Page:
Fused silica is principally utilized as the material for the capillary tube because it can withstand the relatively high voltage used in CZE, and because the inner walls of a fused silica capillary ionize to create the negative charge which causes the desired electrosomatic flow. The ionization of the inner walls of the capillary tube, however, creates problems with respect to separation of proteinaceous materials. Proteins are hetero-polyelectrolytes (i.e. an approximate equivalent number of positively and negatively charged moieties within the molecule while the molecule itself has a neutral-charge). Thus, when ionized, a protein species can have a net positive charge distribution such that the protein species will adsorb quite strongly onto the ionized inner wall. This adsorption leads to artificial zone broadening in CZE, resulting in inconclusive, erroneous or incomprehensible results.

The pH of the electrolyte buffer can dramatically effect the efficiencies and resolutions of separation by CZE. Even a small shift in pH can have a large impact on the separation. With untreated fused silica capillary columns, however, this fact is a double edged sword because pH's other than near-neutral lead to the formation of negatively charged silanol groups on the inner wall of the capillary. Thus, heretofore, untreated fused silica capillary columns could not be used with a wide range of pH values.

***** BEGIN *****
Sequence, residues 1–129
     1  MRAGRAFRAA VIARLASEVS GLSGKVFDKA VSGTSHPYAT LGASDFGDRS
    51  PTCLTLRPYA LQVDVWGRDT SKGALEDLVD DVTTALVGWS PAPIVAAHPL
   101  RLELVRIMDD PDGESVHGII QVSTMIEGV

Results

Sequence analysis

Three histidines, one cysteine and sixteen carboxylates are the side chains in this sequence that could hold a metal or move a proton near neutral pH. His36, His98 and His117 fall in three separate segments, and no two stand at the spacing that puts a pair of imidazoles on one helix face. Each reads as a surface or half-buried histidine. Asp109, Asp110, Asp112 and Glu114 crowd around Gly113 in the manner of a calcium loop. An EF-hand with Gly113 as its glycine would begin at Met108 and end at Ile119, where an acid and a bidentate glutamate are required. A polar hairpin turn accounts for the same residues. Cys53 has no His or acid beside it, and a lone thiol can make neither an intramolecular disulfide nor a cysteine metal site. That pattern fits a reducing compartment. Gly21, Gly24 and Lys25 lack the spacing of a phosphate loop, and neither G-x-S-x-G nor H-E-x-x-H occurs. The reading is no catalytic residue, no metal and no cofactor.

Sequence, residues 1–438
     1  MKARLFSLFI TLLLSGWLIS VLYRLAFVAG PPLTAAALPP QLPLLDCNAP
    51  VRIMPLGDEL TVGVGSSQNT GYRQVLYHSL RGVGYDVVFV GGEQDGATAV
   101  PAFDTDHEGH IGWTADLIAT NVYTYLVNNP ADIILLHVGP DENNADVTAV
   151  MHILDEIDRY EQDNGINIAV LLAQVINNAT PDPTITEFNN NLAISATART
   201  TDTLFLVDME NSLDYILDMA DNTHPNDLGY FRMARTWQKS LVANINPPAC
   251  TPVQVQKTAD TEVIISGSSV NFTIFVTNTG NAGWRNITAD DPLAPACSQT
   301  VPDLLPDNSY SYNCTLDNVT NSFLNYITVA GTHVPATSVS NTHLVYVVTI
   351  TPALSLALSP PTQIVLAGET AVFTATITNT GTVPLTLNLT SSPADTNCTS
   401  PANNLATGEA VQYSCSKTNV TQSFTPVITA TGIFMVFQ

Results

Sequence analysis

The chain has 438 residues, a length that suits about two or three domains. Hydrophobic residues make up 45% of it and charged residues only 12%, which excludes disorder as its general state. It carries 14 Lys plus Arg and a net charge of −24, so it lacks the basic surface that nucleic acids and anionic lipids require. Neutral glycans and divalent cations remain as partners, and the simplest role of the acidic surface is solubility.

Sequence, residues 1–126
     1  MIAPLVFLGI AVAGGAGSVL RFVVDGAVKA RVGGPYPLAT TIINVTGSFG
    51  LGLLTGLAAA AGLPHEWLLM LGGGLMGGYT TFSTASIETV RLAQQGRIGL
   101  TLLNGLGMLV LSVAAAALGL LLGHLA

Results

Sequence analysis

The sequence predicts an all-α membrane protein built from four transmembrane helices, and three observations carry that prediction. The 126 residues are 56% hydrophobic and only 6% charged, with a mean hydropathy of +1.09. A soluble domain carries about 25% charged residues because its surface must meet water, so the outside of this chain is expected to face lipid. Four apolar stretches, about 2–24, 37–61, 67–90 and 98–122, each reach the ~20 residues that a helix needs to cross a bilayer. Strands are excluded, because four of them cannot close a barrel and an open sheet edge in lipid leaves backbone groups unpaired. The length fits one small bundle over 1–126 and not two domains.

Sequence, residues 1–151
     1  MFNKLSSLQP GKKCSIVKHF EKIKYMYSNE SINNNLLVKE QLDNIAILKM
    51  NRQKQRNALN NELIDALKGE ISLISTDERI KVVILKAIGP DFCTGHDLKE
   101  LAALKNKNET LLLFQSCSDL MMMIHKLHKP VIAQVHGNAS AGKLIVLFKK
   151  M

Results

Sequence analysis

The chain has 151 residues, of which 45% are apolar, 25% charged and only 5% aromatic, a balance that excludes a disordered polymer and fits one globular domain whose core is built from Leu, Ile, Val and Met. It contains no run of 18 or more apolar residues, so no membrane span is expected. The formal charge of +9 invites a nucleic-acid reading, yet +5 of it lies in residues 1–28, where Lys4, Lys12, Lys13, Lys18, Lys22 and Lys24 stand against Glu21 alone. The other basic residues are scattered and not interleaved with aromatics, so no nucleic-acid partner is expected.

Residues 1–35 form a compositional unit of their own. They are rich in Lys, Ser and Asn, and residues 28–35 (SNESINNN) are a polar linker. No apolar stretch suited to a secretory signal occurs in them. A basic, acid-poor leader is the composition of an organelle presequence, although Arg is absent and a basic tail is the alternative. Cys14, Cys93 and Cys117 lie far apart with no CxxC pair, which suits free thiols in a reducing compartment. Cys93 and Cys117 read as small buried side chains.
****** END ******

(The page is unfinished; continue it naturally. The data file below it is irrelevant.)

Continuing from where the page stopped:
One proposed attempt at solving this problem was to treat, or "coat", the inner wall of the capillary tube so that electrosomatic flow would be reduced when voltage was applied. That would, in turn, reduce adsorption of proteins onto the tube. Glycol modified fused silica capillaries have been used for serum protein analysis, but only with limited success. See Jorgenson, J. W. & Lukacs, K. D. "Capillary Zone Electrophoresis." Science 222:266-272 (1983). U.S. Pat. No. 4,680,201 describes coated capillary tubes comprising a bifunctional compound having a first functional group covalently attached to the wall and a second functional group capable of being polymerized. See also, Hjerten, S. "High-Performance Electrophoresis Elimination of Electrophoresis and Solute Adsorption." J. Chrom. 547:191-198 (1985) and Cobb, K. A. et al "Electrophoretic Separations of Proteins in Capillaries with Hydrolytically Stable Surface Structures." Anal. Chem. 62:2478-2483 (1990). Other covalently attached coatings are described in U.S. Pat. No. 4,931,328 and PCT Published Application No. WO 89/12225. See also, Swedberg, S. A. "Characterization of Protein Behavior in High-Performance Capillary Electrophoresis Using a Novel Capillary System." Anal. Biochem. 185:57-56(1990) (hereinafter "Swedberg").

Concomitantly, coated fused silica capillaries have a relatively short shelf-life and their coatings have a tendency to "dissolve" in an unpredictable manner. The aura of unpredictability is unacceptable in any environment where multiple samples will be analyzed on a frequent basis. Aside from the practical limitations with coated capillary columns, the associated costs also make them impractical. A coated capillary column applicable to commercially available CZE analyzers costs approximately $90.00 (United States of America. Of this amount, approximately $1.00 (United States of America) is attributed to the cost of the fused silica capillary itself. Thus, the major cost of such commercially available columns is related to the coating itself. On average, coated columns will begin to deteriorate after about 50 to 100 runs. As such, they are expensive to use.